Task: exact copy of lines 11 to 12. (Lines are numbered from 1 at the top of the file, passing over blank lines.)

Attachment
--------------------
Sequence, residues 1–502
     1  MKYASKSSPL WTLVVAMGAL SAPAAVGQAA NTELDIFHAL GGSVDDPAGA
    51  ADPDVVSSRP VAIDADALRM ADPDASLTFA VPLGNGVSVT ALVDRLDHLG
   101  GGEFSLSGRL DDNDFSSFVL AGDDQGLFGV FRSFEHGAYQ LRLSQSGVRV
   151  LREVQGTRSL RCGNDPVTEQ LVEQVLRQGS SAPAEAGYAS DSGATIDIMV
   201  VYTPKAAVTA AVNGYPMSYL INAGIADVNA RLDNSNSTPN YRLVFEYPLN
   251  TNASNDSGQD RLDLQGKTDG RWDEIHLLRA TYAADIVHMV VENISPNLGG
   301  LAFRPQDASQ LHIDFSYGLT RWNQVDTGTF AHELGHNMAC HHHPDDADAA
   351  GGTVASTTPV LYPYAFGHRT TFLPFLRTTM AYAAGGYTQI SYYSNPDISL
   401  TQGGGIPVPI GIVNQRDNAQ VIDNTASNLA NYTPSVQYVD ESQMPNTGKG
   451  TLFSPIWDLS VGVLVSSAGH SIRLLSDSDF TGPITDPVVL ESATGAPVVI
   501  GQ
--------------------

   451  TLFSPIWDLS VGVLVSSAGH SIRLLSDSDF TGPITDPVVL ESATGAPVVI
   501  GQ